High spectral efficiency coherent superchannel transmission with soliton microcombs
Artikel i vetenskaplig tidskrift, 2021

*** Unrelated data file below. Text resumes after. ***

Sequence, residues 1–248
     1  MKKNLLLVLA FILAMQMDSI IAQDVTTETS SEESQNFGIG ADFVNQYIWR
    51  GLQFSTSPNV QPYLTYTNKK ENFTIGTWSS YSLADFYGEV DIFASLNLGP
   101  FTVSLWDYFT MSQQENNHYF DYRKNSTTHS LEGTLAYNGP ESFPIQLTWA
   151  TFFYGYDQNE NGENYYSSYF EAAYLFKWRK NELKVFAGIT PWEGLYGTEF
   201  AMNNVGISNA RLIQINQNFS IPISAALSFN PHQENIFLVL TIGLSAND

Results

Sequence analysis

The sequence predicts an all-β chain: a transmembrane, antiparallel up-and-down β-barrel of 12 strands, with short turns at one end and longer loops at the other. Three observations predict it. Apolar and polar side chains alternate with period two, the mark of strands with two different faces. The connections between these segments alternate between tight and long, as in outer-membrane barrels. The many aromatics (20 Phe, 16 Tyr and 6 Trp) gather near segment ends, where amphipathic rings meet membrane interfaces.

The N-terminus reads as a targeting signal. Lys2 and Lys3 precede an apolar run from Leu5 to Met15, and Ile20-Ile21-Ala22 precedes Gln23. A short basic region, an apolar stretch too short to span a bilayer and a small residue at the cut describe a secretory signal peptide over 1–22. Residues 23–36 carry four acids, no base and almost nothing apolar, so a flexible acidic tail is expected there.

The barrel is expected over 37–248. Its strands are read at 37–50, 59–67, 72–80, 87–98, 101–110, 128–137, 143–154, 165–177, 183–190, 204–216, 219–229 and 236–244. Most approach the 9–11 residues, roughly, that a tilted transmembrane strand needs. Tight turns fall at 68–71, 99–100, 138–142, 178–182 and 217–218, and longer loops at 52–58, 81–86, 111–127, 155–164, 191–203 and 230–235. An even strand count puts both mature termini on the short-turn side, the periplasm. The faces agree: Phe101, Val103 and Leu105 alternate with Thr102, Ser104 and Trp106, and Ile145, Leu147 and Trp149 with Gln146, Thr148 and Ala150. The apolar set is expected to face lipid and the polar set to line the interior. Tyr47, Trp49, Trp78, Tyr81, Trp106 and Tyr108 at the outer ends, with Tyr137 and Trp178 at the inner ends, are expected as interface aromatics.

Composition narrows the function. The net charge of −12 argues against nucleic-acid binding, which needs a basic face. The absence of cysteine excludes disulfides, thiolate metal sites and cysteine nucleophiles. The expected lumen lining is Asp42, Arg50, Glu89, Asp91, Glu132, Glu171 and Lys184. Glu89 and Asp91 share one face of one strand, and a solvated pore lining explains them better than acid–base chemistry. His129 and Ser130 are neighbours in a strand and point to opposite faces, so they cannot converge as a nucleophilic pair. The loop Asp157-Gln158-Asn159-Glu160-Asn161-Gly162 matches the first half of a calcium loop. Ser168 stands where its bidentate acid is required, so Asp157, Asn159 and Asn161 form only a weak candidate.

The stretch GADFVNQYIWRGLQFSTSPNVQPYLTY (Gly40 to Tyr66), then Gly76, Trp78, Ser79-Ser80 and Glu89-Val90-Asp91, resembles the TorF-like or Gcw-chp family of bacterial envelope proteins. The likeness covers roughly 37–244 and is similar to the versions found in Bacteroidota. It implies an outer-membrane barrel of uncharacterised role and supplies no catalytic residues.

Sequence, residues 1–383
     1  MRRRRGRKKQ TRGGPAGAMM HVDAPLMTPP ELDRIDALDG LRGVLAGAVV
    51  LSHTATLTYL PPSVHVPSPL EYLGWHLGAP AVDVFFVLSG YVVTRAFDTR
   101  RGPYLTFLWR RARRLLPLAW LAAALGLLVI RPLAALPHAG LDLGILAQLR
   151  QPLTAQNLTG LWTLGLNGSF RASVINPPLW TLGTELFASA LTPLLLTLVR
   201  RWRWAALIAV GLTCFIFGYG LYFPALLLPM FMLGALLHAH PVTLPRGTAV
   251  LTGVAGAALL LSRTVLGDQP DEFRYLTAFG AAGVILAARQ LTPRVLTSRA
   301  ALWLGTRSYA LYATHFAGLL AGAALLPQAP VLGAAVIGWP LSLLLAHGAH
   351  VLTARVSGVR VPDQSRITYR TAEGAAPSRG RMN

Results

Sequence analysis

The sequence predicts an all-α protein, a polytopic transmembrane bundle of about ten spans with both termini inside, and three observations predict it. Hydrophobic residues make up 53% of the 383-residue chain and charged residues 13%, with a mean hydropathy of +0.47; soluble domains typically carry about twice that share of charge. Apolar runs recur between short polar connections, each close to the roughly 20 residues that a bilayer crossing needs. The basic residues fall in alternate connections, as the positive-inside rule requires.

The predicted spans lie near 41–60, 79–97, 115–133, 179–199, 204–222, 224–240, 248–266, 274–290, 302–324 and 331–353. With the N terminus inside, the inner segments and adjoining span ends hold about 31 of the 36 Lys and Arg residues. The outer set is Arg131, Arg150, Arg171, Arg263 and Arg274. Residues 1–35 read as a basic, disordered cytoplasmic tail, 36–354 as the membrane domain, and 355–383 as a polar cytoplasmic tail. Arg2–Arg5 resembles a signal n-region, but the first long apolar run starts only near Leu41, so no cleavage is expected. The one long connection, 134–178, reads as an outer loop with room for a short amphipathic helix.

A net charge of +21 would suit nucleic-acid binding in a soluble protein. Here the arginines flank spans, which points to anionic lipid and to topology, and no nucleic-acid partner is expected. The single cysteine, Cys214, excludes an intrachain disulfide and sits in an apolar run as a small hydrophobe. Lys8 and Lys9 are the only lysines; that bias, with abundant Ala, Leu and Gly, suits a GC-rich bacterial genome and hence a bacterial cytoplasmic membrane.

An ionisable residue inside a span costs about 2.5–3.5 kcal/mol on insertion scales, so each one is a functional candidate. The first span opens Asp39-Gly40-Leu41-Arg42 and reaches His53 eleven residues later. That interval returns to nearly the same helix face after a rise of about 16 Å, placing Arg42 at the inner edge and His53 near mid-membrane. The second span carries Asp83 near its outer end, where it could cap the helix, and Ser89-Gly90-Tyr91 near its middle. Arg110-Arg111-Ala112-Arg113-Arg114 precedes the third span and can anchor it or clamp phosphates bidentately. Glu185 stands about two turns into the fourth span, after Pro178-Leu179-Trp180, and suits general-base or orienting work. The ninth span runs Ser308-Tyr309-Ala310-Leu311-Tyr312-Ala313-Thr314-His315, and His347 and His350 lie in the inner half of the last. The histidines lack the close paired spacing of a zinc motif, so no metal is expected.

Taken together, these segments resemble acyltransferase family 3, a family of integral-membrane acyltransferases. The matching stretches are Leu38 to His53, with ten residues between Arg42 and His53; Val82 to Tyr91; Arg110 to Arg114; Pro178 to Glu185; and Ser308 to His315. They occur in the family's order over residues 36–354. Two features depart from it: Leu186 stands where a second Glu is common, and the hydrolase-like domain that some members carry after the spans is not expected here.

Spectral efficiency (SE) is one of the key metrics for optical communication networks. An important building block for its maximization are optical superchannels, channels that are composed of several subchannels with an aggregate bandwidth larger than the bandwidth of the detector electronics. Superchannels which are routed through the network as a single entity, together with flex-grid routing, allow to more efficiently utilize available bandwidth and eliminate the guard-bands between channels, thus increasing spectral efficiency. In contrast to traditional wavelength division multiplexing (WDM) channels, subchannel spacing and thus superchannel SE is governed by the linewidth and stability of the frequency spacing of the transmitter lasers. Integrated optical frequency combs, particulary the parametrically generated so-called microcombs, which provide optical lines on a fixed frequency grid are a promising solution for low power superchannel laser sources that allow to minimize the SE loss from suboptimal channel spacing. However, it is extremely challenging to realize micro-combs with sufficient line power, coherence and line spacing that is compatible with electronic bandwidths. Because the line-spacing generated by most devices is above 40 GHz, demonstrations often rely on additional electro-optic frequency shifter or divider stages to avoid digital-to-analog-converter (DAC) performance degradation when operating at high symbol rates. Here we demonstrate a 50-line superchannel from a single 22 GHz line spacing soliton microcomb. We demonstrate 12 Tb/s throughput with > 10 bits/s/Hz SE efficiency after 80 km transmission and 8 Tb/s throughput (SE > 6 bits/s/Hz) after 2100 km, proving the feasibility and benefits of generating high signal quality, broadband waveforms directly from the output of a micro-scale device with a symbol rate close to the comb repetition rate.